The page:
HUNDREDS of dead migratory birds have been found washed up on Tweed beaches this week, with the storm season and natural selection both at play.
Lawrence Orel from the National Parks and Wildlife Service said while it would be distressing for residents, not much can be done to help the birds.
Mr Orel said medical care would do little good for any of the birds found alive on the beaches.
"It can be heartbreaking and distressing, but wildlife carers are being overwhelmed by numbers of these birds," Mr Orel said.
"Unfortunately, there's not much that can be done."
"Even under the care of the most experienced wildlife carers, these birds tend not to survive."
Mr Orel said despite much effort to help the birds, a Coffs Harbour vet has studied some specimens, only to conclude they were in a state of exhaustion and starvation beyond rehabilitation.
"They had used all their energy and they had no fat layer," Mr Orel said.
"It's a natural phenomena resulting from one of the longest journey of any animal."
Mr Orel said the birds are generally so low in energy reserves, bringing them to carers would only choke up much-needed facilities.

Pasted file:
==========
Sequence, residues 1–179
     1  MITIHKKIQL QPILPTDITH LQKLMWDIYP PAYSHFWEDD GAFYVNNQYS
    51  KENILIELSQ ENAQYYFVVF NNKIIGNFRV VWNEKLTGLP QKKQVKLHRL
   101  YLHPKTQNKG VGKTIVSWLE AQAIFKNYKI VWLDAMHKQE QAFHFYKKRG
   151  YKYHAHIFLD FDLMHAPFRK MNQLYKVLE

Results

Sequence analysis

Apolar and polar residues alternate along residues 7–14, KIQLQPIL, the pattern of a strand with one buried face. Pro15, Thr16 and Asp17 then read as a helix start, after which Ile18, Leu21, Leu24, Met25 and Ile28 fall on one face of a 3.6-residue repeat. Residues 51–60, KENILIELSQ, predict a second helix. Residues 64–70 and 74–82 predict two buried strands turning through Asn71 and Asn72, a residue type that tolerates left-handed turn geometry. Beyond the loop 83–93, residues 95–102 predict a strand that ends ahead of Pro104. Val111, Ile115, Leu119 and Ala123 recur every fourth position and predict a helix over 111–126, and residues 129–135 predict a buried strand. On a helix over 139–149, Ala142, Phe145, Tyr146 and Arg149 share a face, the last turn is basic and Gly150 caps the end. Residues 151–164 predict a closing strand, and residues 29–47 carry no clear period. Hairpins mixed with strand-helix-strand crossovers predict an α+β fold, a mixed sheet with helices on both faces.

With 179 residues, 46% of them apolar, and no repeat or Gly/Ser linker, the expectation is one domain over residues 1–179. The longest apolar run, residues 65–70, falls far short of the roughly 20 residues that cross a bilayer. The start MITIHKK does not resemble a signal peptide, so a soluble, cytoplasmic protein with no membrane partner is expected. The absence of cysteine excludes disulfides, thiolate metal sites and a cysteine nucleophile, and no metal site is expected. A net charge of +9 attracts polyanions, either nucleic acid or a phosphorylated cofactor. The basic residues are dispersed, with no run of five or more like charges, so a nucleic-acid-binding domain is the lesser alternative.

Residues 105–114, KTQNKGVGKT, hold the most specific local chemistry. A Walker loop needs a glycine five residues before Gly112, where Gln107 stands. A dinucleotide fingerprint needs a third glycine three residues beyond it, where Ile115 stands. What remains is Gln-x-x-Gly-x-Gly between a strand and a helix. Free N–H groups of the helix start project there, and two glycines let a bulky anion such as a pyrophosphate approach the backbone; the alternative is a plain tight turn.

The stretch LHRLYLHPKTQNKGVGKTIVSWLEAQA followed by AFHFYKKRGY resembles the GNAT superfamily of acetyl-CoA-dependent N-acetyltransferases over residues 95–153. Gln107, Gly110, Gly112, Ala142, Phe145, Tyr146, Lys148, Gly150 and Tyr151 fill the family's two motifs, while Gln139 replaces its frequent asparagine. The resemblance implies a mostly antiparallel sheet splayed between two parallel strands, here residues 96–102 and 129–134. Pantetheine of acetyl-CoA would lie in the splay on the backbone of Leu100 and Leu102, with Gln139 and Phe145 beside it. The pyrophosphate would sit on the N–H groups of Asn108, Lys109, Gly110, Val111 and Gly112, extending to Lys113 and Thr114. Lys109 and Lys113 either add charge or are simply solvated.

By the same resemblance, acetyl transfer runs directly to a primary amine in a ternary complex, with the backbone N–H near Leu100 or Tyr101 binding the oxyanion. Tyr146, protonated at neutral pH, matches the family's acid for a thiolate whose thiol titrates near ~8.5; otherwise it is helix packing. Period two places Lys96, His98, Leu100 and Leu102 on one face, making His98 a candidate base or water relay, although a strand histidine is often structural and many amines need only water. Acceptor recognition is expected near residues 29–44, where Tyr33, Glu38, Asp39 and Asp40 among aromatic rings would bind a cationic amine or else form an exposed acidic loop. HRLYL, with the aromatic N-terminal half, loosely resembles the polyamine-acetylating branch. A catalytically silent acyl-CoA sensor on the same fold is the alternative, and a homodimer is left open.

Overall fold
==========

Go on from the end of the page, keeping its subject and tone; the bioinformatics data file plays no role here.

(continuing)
Mr Orel said the short-tailed shearwaters - commonly known as the mutton birds -would have been on the last leg of their migratory journey before succumbing to starvation and exhaustion.
"They are returning from their annual migration," Mr Orel said.
"They breed around Bass Strait and Tasmania before leaving in April to feed.
Mr Orel said while there would always be a natural level of fatalities involved in this journey, violent storms would be a contributing factor to excessive numbers of birds washing up on Tweed beaches.
"Storms and strong winds force their energy consumption up," Mr Orel said.
He said while this seems to be an unfortunate occurrence, this brutal natural selection helps to maintain the strength of the overall population.
The mutton bird is one of the world's most abundant bird species, with a population well over 18 million.
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